Treasure His Word in your heart.  I know meditating daily is sometimes difficult, in these times even I find myself more busy, but I strive to meditate on his word at least daily.  Perhaps the key to all of this is to pray and find delight in the word of God first, then the meditations will come naturally.  May God help us to do so.  God’s word is the way we grow, strengthen and nourish our spiritual bodies, it is the perfect food and chicken soup for the soul.  One commentator said, “Meditation chews the cud (like a cow chewing grass), and gets the sweetness and nutritive value of the Word into the heart and life: this is the way the godly bring forth much fruit (Bartholomew Ashwood, 1688).”  Another writes, “[Meditation] helps the renewed heart grow upward and increase its power to know the things which are freely given to us of God (Nathaniel Ranew, 1670).”  And lastly, to encourage us, hear these words from Jeremiah 15:16, “When your words came, I ate them; they were my joy and my heart’s delight, for I bear your name, LORD God Almighty.”  One evidence that God has changed our hearts is that we begin to hunger and thirst for the word of God; may God enlarge this hunger in our hearts and fill it with his delicious word.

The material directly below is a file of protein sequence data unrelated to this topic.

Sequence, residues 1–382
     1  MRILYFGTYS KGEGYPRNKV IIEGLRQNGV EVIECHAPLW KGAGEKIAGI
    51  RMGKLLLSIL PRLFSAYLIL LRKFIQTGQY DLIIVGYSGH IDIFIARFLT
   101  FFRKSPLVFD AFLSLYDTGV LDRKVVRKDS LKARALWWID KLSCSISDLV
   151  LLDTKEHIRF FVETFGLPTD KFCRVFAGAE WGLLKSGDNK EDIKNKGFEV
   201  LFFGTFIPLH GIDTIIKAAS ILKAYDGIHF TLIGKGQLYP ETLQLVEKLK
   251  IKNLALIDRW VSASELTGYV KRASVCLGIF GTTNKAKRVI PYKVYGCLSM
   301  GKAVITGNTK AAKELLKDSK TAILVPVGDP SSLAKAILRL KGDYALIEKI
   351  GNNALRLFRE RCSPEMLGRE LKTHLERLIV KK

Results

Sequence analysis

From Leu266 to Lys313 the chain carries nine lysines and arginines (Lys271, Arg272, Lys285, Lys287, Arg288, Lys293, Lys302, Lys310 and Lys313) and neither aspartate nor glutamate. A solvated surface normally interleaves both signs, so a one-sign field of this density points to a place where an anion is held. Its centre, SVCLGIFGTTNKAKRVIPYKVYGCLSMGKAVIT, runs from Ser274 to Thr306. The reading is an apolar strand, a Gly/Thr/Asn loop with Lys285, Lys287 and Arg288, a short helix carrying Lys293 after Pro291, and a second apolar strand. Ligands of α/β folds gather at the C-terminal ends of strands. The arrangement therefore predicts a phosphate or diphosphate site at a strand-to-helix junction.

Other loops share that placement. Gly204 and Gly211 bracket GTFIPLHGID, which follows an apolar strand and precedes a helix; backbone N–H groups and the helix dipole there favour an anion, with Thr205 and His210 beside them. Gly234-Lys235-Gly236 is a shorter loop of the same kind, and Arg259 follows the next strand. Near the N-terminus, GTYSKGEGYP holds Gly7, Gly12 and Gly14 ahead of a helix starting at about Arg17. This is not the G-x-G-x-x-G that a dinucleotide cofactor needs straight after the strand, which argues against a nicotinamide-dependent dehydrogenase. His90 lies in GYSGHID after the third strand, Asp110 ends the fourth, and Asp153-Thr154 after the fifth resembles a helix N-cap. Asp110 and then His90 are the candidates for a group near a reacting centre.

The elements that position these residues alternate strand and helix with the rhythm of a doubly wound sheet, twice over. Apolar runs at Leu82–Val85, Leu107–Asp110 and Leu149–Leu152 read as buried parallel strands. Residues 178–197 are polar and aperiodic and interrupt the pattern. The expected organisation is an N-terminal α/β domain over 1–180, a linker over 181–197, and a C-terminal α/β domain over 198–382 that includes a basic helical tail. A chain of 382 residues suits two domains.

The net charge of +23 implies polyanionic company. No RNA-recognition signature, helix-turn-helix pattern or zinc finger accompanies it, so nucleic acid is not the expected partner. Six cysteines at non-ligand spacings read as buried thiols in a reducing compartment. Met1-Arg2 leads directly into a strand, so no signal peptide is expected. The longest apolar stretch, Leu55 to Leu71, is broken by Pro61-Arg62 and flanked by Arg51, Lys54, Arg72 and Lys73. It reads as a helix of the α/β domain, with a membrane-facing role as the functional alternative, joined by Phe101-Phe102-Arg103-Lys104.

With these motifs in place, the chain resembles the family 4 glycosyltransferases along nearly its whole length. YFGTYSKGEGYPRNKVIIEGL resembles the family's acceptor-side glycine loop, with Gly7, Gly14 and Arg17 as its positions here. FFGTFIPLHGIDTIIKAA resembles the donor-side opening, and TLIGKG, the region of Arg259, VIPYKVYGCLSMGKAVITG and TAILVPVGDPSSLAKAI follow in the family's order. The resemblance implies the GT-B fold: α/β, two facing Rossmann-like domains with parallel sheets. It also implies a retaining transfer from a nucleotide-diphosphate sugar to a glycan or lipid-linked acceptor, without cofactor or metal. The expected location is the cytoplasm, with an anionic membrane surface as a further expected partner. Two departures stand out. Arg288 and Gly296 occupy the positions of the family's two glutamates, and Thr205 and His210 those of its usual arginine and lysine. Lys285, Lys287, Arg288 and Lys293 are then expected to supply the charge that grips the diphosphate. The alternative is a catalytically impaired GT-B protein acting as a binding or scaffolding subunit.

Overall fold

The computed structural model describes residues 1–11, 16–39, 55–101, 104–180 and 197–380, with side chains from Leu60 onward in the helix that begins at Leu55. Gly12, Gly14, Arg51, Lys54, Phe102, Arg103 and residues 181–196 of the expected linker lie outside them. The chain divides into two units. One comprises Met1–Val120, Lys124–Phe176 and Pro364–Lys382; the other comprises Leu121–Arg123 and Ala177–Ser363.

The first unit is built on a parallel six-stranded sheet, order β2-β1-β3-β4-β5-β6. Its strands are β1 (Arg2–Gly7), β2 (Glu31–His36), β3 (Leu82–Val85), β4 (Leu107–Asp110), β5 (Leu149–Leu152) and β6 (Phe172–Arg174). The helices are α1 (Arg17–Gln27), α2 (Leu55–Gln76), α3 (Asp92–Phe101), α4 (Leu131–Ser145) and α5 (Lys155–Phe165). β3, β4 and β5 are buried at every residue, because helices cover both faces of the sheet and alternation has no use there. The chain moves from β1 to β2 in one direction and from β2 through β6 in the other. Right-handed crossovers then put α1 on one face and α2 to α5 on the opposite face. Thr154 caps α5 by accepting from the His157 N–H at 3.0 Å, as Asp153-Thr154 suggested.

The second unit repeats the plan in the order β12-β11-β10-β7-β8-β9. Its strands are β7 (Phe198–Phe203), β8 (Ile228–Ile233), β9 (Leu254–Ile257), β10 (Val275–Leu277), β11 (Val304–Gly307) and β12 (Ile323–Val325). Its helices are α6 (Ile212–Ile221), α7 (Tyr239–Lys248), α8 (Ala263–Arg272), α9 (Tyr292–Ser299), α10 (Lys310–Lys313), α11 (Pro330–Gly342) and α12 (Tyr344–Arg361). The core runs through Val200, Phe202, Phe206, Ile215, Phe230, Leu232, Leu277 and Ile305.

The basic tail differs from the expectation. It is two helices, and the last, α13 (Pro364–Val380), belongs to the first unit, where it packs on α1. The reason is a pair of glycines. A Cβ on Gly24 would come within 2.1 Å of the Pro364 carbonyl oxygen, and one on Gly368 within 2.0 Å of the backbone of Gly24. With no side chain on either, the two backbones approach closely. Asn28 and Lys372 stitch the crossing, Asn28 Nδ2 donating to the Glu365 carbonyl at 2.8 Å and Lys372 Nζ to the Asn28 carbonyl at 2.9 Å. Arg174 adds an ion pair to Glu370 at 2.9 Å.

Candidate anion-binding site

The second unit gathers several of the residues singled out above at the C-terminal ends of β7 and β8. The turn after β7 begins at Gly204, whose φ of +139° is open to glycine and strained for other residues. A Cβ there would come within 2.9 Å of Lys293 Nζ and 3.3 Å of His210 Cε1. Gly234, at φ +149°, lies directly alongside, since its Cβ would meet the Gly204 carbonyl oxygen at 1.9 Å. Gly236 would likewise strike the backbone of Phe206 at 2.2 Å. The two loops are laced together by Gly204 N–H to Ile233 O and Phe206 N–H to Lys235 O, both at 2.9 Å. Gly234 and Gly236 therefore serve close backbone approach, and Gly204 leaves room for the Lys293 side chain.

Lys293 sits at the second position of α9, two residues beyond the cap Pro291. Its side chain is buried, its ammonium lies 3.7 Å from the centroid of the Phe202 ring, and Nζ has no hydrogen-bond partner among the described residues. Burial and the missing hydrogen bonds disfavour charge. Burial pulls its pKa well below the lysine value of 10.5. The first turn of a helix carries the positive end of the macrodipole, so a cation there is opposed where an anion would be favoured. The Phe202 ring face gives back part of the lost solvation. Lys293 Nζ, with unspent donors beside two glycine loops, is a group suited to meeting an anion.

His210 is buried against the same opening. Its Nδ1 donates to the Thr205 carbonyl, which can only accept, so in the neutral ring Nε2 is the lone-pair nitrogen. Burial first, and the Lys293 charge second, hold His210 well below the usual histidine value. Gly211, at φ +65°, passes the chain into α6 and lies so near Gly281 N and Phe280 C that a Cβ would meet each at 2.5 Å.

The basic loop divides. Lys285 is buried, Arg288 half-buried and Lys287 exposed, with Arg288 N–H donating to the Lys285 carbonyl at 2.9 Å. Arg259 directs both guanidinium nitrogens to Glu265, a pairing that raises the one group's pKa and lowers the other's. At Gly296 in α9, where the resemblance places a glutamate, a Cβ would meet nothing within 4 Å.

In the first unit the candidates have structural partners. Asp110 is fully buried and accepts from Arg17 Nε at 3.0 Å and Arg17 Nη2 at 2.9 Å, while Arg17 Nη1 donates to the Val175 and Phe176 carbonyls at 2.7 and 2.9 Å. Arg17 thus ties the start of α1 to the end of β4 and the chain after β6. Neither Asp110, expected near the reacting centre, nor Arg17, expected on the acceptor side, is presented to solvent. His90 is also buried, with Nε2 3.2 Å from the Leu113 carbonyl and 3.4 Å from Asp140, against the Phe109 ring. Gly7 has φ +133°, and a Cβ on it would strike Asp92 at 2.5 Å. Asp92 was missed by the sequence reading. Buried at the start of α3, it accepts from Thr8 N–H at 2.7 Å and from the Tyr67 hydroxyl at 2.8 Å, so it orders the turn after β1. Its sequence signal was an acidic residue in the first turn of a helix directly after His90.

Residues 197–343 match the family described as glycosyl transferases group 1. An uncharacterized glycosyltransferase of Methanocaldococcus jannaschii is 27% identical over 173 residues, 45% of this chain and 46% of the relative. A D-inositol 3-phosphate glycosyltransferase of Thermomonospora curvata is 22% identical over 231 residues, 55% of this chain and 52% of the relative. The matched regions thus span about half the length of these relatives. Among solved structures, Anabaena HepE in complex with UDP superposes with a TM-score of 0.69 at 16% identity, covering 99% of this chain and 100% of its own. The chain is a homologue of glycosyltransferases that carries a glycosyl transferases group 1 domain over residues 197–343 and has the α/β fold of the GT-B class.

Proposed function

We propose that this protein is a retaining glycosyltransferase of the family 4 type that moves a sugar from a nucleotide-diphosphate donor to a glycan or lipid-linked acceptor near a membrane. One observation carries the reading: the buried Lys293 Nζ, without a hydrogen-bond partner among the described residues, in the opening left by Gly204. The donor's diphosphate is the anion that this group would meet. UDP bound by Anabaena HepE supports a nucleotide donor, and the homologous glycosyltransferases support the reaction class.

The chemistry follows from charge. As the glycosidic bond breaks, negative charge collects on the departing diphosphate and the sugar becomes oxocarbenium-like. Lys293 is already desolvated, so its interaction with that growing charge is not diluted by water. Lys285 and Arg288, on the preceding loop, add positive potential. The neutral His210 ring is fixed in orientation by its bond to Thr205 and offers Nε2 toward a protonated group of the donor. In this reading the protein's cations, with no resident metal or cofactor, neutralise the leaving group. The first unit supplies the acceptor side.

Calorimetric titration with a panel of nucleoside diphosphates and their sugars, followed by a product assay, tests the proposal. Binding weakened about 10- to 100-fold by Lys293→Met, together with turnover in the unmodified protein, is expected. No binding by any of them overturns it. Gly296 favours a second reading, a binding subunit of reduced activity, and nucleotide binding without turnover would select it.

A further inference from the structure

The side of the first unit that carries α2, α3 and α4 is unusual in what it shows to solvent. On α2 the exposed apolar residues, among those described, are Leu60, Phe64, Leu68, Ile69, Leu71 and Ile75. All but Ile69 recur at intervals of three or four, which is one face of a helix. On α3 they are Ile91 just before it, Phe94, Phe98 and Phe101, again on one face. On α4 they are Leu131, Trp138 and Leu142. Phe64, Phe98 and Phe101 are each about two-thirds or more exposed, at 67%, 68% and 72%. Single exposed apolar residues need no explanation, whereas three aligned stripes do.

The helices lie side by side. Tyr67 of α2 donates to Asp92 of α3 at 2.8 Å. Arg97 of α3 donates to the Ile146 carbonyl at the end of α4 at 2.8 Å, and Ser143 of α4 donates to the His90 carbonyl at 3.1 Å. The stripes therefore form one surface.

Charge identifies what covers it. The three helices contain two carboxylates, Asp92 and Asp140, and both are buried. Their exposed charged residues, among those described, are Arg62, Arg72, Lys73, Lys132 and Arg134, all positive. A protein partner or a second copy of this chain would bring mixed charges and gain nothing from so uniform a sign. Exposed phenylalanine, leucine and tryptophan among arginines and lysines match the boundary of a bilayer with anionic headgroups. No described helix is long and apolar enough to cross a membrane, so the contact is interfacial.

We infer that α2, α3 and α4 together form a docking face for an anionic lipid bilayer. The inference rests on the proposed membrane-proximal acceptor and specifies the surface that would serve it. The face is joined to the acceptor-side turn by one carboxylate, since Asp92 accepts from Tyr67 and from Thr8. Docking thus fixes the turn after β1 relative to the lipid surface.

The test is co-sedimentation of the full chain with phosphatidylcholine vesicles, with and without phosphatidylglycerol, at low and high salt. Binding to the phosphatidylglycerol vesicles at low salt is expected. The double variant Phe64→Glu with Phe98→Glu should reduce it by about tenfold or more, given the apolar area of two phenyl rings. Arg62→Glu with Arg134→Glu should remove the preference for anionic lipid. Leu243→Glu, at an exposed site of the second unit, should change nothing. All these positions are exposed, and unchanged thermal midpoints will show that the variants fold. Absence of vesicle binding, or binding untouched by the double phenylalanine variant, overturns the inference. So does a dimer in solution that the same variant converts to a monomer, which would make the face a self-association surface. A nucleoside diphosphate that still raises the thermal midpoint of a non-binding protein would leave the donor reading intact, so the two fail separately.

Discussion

There are so many reasons to delight in God’s word, and some key reasons are here in this Psalm.  Look at v.3, “That person is like a tree planted by streams of water, which yields its fruit in season and whose leaf does not wither – whatever they do prospers.”  The word of God helps you grow, and gives you wisdom and success.  You might be familiar with 2 Tim 3:16-17 “All Scripture is God-breathed and is useful for teaching, rebuking, correcting and training in righteousness, so that the servant of God may be thoroughly equipped for every good work.”  Ps 19:7 says “The law of the LORD is perfect, refreshing the soul.  The statutes of the LORD are trustworthy, making wise the simple.”  God’s word is the truth, and naturally the effects of that truth will give you insight and wisdom that the smartest people don’t have.  A smart person might scheme, and think, maybe I can cover up my guilt with more sin, but a blessed person would say, I am a sinner, God have mercy and help me.  For the one who is blessed by God, whatever they do prospers, they prosper in everything.  Now, this is not always in the sense we think, but it might be a success according to God’s plan.  I wanted to go to U of I Urbana Champaign, or Northwestern to study engineering, but I didn’t get in.  Did I not prosper there?  But I got into IIT, which is exactly where God wanted me to be.  What might seem like failure in the eyes of the world, might be a success in the eyes of God.  Hey, sometimes you might not win the lottery, but you might have learned how to earn and use money for God’s glory, and that’s a success.